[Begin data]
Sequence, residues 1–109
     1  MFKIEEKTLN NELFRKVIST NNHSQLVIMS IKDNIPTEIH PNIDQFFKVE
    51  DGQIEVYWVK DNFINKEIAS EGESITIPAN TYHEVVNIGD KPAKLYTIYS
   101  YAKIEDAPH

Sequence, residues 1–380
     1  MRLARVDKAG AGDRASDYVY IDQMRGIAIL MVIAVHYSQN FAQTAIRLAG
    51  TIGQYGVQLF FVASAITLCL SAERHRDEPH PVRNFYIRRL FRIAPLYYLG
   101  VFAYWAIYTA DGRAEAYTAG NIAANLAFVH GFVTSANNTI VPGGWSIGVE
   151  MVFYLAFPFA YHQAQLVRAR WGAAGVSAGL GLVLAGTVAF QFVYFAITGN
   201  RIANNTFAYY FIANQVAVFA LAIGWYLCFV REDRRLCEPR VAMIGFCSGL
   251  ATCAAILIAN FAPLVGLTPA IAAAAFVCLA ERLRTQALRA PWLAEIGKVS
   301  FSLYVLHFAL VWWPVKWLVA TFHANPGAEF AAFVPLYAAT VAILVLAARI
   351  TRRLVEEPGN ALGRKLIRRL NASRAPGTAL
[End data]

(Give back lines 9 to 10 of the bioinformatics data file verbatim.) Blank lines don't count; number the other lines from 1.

   151  MVFYLAFPFA YHQAQLVRAR WGAAGVSAGL GLVLAGTVAF QFVYFAITGN
   201  RIANNTFAYY FIANQVAVFA LAIGWYLCFV REDRRLCEPR VAMIGFCSGL